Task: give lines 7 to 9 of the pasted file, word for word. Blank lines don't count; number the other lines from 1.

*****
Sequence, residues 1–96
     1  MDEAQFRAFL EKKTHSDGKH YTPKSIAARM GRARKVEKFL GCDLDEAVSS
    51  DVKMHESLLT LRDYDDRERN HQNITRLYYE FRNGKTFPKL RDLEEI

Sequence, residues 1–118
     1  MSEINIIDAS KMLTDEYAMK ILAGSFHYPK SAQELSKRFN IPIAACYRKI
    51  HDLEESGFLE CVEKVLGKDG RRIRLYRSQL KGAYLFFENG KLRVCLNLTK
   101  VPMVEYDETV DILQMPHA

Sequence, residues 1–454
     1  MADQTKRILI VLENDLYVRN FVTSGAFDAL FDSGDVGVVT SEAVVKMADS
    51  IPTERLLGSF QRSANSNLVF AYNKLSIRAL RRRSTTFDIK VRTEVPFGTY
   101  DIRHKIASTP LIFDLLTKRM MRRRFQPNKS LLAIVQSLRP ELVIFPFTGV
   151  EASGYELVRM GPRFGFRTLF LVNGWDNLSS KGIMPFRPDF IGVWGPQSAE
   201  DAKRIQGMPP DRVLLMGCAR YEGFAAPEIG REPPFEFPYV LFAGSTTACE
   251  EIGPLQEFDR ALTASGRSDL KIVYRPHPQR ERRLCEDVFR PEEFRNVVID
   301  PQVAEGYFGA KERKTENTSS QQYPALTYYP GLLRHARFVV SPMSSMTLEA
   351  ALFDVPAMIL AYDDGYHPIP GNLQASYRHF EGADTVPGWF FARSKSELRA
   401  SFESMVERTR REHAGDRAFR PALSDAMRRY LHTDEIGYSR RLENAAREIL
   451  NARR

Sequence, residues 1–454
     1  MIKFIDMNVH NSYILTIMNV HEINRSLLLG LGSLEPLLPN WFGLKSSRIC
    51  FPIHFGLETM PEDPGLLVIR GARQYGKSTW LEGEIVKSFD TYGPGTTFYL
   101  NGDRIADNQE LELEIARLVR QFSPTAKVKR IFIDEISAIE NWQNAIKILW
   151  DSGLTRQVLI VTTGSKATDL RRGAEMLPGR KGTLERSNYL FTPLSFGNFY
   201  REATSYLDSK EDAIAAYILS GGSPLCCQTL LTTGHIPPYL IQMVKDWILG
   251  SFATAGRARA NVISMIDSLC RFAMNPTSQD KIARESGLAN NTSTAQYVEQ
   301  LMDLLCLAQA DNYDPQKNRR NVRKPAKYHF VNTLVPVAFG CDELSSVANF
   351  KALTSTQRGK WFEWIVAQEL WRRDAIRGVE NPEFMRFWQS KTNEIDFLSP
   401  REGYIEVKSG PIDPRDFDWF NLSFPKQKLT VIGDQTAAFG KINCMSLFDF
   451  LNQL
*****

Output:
   101  VPMVEYDETV DILQMPHA

Sequence, residues 1–454
     1  MADQTKRILI VLENDLYVRN FVTSGAFDAL FDSGDVGVVT SEAVVKMADS